The more closely you learn to observe yourself, the sooner you can recognize the signs of depression, anxiety, and incipient agitation or mania and work with them before they gain momentum. Tending your mind is a little like tending a garden: if you’re not very attuned to what’s going on, waist-high weeds can seem to appear “out of nowhere,” healthy plants appear to die “for no reason,” and trees that were “just fine” the day before are “suddenly” infested with tiny white beetles. To an inexperienced gardener, all these disasters seem to come on suddenly and for no apparent reason, requiring all sorts of emergency measures to remediate.
On the other hand, an experienced gardener pulls out the weeds while they’re still tiny, gives the plants water and mulch before they wilt, and both notices and addresses the beetle eggs before they have a chance to hatch. Because this gardener deals with problems while they are still small, she rarely needs to resort to emergency measures or to break her back pulling up six-foot monster weeds.
At the time I was diagnosed with bipolar, I had so little awareness of my body or stress levels that I literally had to be sobbing before I realized I was sad, or be awake for three nights running before I realized I was stressed and anxious. Learning to “hear” my body and mind has been a revelation for me, and a crucial part of my stability. The following ninja skills are most effective when they’re applied early—not when you’re already in the thick of an episode. But hey, that’s what you develop insight for!
Here are some things to do when you realize you’re sliding into depression, anxiety, or mania:
Ninja Skill #1: Target Your Body
It’s easy to believe that all mood problems are best addressed through the brain—by taking more medications or thinking different thoughts. But mental ninjas know that a very sneaky way to reach the mind is through the body, and you can encourage your mood to change by changing what you’re doing with your body.
The link between posture and depression is well established, yet most people don’t think of postural adjustment as a first-line strategy against the early signs of depression. This is too bad, because adjusting your posture is a gentle, free, and highly effective way to head off depressive feelings before they “settle in” and become full depression. Simply standing or sitting with your shoulders back and head aligned can bring on a feeling of confidence and strength, replacing the defeated slump of depression. A 2015 study on posture and mood published in Health Psychology concluded:
Adopting an upright seated posture in the face of stress can maintain self-esteem, reduce negative mood, and increase positive mood compared to a slumped posture . . . Sitting upright may be a simple behavioral strategy to help build resilience to stress. The research is consistent with embodied cognition theories that muscular and autonomic states influence emotional responding. [emphasis added]
In other words, your body has a direct effect on your mood. And if you’d like to adjust your mood, adjusting your posture is a completely reasonable way to undertake it.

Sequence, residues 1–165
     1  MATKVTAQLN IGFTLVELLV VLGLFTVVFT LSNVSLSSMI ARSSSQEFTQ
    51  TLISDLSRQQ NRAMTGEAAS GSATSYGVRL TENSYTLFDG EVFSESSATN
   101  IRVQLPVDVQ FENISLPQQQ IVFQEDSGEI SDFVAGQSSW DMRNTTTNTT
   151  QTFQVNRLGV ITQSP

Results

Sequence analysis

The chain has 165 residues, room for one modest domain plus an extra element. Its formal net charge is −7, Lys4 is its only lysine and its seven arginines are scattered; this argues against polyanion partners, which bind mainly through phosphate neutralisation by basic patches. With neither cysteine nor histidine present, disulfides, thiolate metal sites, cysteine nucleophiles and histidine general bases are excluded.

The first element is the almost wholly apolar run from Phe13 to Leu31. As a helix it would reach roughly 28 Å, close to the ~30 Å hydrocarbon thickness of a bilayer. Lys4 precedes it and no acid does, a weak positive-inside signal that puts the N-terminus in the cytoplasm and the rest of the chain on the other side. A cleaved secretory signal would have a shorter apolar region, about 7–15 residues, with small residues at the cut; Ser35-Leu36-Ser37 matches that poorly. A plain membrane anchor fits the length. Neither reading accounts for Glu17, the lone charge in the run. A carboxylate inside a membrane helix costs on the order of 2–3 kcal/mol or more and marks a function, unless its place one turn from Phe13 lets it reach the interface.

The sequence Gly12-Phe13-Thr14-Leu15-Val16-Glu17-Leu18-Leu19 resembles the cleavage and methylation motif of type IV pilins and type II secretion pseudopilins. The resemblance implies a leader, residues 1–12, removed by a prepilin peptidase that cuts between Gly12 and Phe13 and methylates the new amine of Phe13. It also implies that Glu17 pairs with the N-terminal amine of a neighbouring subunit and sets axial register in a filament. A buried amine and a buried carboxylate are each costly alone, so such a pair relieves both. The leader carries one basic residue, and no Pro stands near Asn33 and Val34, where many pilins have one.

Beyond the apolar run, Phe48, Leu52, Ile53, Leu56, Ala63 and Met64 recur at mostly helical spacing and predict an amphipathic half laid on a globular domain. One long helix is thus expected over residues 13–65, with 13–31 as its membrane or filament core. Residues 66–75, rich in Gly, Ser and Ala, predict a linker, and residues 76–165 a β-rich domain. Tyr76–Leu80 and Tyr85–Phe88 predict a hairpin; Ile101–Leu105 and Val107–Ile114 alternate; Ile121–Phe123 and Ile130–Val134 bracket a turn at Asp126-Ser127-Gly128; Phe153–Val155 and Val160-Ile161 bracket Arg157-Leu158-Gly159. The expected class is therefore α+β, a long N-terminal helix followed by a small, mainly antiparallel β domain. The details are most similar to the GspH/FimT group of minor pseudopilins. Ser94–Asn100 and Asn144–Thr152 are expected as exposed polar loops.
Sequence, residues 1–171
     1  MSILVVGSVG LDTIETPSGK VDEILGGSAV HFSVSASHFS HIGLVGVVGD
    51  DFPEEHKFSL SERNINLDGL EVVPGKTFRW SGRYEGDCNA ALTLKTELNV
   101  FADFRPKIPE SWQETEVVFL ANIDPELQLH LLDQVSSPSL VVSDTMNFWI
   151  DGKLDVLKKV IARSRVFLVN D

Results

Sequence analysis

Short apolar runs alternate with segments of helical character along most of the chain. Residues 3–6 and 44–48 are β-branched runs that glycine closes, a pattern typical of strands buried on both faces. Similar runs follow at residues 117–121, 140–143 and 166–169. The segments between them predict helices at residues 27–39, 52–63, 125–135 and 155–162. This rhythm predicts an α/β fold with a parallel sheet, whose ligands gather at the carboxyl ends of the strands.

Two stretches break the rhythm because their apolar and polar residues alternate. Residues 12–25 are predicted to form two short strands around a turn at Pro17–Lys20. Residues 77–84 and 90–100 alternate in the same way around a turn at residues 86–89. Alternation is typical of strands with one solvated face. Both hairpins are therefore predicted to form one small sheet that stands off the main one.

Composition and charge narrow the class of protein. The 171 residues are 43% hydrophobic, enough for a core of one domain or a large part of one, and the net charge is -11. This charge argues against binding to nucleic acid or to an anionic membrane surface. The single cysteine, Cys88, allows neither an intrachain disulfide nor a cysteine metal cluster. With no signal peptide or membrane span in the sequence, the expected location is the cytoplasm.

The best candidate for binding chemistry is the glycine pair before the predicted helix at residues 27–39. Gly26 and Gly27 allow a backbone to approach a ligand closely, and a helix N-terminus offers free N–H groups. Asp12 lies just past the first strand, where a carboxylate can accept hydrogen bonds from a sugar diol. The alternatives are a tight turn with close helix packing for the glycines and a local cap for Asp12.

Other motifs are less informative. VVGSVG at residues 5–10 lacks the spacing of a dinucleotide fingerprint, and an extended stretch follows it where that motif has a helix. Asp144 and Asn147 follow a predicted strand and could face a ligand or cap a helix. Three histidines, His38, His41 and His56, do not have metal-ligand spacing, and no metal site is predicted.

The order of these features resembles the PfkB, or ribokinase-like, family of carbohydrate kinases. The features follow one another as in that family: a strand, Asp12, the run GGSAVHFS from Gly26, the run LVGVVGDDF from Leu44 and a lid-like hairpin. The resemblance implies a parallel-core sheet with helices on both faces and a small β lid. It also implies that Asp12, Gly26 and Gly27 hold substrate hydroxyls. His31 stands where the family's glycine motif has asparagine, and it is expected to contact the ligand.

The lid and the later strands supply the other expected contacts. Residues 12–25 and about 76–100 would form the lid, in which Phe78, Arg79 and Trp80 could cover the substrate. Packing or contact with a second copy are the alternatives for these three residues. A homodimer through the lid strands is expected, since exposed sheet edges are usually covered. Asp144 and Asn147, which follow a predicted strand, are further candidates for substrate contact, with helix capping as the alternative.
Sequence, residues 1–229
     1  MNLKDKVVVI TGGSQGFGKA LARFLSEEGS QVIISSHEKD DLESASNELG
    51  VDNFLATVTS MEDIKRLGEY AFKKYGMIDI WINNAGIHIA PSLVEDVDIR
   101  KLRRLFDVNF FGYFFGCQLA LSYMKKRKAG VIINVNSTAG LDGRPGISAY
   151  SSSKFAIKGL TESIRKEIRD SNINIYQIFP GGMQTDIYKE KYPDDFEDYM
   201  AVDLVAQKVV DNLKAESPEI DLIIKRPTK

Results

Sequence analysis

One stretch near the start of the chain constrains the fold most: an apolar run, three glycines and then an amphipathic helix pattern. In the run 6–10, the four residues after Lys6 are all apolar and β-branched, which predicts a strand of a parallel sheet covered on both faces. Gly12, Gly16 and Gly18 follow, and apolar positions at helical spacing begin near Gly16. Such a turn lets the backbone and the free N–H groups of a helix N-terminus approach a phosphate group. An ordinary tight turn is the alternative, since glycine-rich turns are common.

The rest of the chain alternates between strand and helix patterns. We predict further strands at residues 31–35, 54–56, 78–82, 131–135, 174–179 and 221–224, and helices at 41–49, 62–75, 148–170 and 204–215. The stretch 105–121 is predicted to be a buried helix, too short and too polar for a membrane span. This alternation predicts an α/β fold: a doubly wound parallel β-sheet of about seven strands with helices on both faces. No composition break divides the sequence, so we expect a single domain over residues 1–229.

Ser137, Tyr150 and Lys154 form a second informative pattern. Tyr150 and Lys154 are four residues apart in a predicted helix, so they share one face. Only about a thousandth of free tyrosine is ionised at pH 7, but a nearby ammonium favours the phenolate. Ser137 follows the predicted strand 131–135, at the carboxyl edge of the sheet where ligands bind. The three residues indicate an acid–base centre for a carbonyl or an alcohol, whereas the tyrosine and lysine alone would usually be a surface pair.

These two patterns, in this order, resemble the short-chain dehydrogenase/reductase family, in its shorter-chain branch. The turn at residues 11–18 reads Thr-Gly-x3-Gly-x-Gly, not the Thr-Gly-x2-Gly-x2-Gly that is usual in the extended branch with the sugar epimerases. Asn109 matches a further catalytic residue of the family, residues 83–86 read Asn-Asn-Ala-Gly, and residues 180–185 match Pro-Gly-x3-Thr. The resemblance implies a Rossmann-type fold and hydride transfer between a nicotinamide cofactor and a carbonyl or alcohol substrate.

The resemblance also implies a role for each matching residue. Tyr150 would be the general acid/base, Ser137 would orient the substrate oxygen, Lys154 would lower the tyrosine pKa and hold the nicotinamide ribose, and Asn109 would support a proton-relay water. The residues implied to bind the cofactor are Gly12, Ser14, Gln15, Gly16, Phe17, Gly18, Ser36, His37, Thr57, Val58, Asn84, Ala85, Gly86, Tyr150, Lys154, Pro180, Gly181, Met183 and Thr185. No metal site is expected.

Posture is not the only way you can affect your mood via your body. Vigorous exercise such as walking, running, or swimming has such a tremendous impact on mood and sleep that many doctors now prescribe a daily hike or lap swim long before they’ll agree to prescribe meds for depression and insomnia. An hour a day in the water or on the trail is a highly effective therapy, and it will help you feel better in both the short and long term.
Ninja Skill #4: Question Your Unquestionables
(Editor's Note: While a total of six Ninja Skills are presented in Chapter 6 of the book, due to word count limitations we are presenting only #1, #4 and #6 in this excerpt.)
When you’re anxious or in distress, every thought that goes through your mind can seem totally real and true. You can get so wrapped up in your own thoughts you don’t even realize there are a million other possible ways of responding to the same situation.
I suffered from extreme insomnia for years. In a desperate attempt to deal with it, I developed all sorts of rigid rules about sleep: I had to get to bed by midnight or I wouldn’t fall asleep, there couldn’t be any light or noise, and if I got less than seven hours of sleep, I was going to be screwed the next day. I responded to any threat to these rules with self-righteous anger: I was right about sleep! My sleeping rules were validated by medical science! They were completely unquestionable!
This obsession with so-called sleep hygiene drove my partner insane. “If you want to learn how to sleep,” he’d say, “take your cue from people who are good sleepers. Stop reading books by bad sleepers.”
Then one night, my friend Max crashed at our house with his band when they were on tour. When Max was ready to sleep, he just sprawled out on the living room floor and went to sleep—he didn’t wait for everybody else to go to bed, or the lights to be off, or anything to change. My partner’s advice finally made sense to me: Max was a good sleeper. I shouldn’t be more careful and obsessive about sleep—I should be more like Max!